What have Prime Minister Modi’s Social Schemes Achieved?

By Anit Mukherjee —

An Aadhaar Enrollment center within the state capital Panaji in the state of Goa, India. The Aadhaar program is one of several key social initiatives the Modi government has launched in the last five years. Source: Joegoauk73’s flickr photostream, cropped under a creative commons license.

Over the last five years, the Modi government set ambitious targets in several of its social programs. It promised to issue biometric IDs, open bank accounts, build toilets, and provide cooking gas, electricity, and housing. As the five-year term of the government comes to an end, it is a good time to take stock of what has been achieved both in terms of the numbers and its impact.

Based on the latest available data from official sources, the overall verdict is that the government has done well in achieving its targets. India’s biometric ID, Aadhaar, is now the world’s largest such database of citizens, covering nearly all adults in the country. All households have at least one bank account. Almost all rural households now have a toilet, electricity, and a cooking gas connection.

However, not all the government’s programs have seen such success. The government’s performance in improving urban sanitation and building affordable urban housing have fallen short of expectations. As India becomes increasingly urbanized in the coming years and decades, the government needs to focus the challenges that result from such urbanization.

The story behind the numbers also point to future challenges. While independent reviews have largely supported the official figures, they show that there is more to be done. There is uncertainty regarding the use of Aadhaar for banking and financial transactions. A significant number of new bank accounts opened through the Jan Dhan scheme remain unutilized. Finally, while access to necessities such as cooking gas and electricity has certainly improved, poor households may not be able to afford their consumption without the government subsidizing their continued use.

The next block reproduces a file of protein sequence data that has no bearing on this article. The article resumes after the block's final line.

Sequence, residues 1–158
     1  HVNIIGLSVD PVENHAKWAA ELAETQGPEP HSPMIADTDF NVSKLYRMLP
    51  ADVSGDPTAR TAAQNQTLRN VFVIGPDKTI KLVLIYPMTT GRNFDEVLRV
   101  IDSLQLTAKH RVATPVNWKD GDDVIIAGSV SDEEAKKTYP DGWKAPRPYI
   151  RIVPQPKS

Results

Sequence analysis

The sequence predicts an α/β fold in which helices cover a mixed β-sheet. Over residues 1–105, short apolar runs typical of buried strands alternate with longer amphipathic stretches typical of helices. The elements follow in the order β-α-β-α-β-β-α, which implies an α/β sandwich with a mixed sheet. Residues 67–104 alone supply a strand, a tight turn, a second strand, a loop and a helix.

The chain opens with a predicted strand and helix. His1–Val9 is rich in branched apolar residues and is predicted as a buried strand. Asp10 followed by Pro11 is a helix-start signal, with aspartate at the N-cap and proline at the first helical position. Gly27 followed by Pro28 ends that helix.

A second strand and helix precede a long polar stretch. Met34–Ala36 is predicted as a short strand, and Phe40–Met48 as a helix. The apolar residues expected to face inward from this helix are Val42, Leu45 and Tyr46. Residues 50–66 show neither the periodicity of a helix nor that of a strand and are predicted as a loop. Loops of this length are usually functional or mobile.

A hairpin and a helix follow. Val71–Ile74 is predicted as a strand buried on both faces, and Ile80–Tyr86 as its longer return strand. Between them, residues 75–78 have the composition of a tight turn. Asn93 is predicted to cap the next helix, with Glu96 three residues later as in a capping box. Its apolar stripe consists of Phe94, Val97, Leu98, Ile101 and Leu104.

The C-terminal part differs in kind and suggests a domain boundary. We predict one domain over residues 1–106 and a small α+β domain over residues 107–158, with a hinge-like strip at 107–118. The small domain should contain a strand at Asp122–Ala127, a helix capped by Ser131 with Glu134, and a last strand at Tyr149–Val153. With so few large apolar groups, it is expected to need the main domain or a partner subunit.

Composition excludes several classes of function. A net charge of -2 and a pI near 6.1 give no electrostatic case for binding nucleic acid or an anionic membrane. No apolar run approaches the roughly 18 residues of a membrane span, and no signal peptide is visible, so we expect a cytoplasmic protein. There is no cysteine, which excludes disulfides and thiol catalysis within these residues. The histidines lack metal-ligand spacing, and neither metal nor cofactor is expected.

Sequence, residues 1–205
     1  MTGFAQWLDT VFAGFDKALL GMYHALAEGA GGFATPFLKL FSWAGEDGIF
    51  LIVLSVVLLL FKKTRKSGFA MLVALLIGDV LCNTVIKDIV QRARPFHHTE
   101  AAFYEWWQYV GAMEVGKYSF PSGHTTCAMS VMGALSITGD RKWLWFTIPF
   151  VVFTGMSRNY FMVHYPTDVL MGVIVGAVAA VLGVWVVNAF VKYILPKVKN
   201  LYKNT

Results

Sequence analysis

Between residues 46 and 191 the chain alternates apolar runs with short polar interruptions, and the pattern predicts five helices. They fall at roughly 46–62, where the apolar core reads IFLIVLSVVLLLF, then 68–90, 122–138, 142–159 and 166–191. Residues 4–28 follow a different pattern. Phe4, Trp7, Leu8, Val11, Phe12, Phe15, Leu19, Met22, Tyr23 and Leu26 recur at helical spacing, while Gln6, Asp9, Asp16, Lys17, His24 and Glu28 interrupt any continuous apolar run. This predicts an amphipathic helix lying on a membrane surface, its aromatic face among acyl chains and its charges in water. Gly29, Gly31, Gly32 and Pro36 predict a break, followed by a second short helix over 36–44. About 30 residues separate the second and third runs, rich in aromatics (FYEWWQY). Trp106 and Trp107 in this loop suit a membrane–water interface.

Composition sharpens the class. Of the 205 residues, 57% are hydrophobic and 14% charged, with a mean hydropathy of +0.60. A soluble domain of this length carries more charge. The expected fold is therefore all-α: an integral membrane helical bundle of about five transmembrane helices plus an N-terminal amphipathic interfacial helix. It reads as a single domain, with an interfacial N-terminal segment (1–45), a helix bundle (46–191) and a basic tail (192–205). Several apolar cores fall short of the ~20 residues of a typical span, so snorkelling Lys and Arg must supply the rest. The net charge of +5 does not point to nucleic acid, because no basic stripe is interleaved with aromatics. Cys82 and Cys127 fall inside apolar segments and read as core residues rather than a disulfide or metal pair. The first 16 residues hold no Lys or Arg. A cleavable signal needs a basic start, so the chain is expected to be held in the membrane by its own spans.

As the government led by Prime Minister Narendra Modi completes its five-year term, the numbers paint a story of a government that has delivered on its targets. However, there is scope to do better in the future, which is crucial as Indian citizens head to the polls in the spring of 2019.

Table 1: Progress of Key Social Programs Initiated by the Government of India

Name Program Activity Announced Target Latest numbers (GoI) Independent Validation
Aadhaar Biometric ID number for Indian residents Aug 2014 1.33 billion 1.20 billion More than 90 percent of India’s population is covered. Source: State of Aadhaar Report 2017-18.
Jan Dhan Scheme Opening bank accounts Aug 2014 210.6 million 210.6 million 82 percent of Indians over age 15 have a bank account. Source: World Bank Global Findex Database 2017.
Swachh Bharat Household toilet building Oct 2014 110 million (2019) 91.8 million (98.7 percent of rural households covered)  N/A
Ujjwala LPG scheme LPG cooking gas for rural households May 2016 50 million (2019) 60.7 million Program well targeted; 90 percent genuine beneficiaries. Source: MicroSave.
Saubhagya Household electricity connection Sep 2017 24.9 million (Rural) 24.4 million (as of January 17, 2019) N/A
PM Awaas Yojana Affordable housing Jun 2015 Demand driven – not specified Urban

Sanctioned: 6.88 million
Completed: 1.36 million

(As of January 7, 2019)


Dr. Anit Mukherjee is an adjunct fellow with the Wadhwani Chair in U.S.-India Policy Studies at CSIS and a policy fellow with the Center for Global Development. Follow him on twitter @Anitnath.


1 comment for “What have Prime Minister Modi’s Social Schemes Achieved?

  1. January 27, 2019 at 05:59

    I see an excellent progress in these projects which essentially are necessary for a strong foundation of a developed nation.  This ground-up approach is as necessary as to engage foreign companies to expand their business interest in India and which basically is top-down approach.

    We are delighted to publish this data on Entry India’s portal, http://www.entryindia.com to let others know about this independent assessment.

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